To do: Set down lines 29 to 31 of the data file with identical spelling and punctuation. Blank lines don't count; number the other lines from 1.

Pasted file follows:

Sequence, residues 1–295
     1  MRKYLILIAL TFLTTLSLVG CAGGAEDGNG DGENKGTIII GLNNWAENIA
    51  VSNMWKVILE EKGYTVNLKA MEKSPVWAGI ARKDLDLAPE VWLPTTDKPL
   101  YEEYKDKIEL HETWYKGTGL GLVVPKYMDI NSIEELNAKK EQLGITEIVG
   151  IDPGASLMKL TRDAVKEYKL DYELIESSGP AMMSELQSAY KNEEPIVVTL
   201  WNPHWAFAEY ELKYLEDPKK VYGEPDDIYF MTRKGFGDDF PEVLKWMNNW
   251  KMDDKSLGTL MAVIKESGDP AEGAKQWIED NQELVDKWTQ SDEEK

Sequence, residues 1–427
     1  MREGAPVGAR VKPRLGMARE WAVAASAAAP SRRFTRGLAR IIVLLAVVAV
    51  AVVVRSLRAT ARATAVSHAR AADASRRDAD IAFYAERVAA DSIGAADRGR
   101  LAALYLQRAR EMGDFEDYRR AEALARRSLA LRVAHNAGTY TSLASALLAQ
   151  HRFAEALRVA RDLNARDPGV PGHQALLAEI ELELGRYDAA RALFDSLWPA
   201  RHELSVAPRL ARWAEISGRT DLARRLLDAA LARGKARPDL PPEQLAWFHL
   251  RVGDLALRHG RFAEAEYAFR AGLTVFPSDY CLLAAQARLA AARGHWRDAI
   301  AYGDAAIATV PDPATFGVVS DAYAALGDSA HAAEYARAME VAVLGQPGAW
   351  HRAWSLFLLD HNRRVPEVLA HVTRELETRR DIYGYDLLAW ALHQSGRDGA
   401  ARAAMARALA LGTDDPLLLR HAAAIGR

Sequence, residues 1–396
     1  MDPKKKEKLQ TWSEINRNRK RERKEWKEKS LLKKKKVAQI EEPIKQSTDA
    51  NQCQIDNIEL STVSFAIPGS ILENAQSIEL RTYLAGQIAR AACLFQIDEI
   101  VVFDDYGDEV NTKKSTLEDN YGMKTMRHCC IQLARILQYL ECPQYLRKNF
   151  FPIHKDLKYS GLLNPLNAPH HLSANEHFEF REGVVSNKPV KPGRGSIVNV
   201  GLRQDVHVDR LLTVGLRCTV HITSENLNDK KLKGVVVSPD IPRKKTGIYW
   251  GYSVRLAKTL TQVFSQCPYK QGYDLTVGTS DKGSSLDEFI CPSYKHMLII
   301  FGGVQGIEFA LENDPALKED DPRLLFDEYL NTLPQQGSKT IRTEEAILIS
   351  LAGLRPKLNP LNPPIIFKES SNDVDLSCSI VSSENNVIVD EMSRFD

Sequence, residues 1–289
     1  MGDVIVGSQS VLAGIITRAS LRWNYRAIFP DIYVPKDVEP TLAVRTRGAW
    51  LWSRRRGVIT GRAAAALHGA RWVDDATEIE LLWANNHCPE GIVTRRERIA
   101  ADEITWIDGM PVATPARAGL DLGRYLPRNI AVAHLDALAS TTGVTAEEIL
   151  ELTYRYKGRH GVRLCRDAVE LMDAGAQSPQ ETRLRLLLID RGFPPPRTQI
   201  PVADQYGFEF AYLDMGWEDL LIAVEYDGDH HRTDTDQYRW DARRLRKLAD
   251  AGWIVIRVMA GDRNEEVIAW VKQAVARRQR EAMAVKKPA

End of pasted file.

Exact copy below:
    51  LWSRRRGVIT GRAAAALHGA RWVDDATEIE LLWANNHCPE GIVTRRERIA
   101  ADEITWIDGM PVATPARAGL DLGRYLPRNI AVAHLDALAS TTGVTAEEIL
   151  ELTYRYKGRH GVRLCRDAVE LMDAGAQSPQ ETRLRLLLID RGFPPPRTQI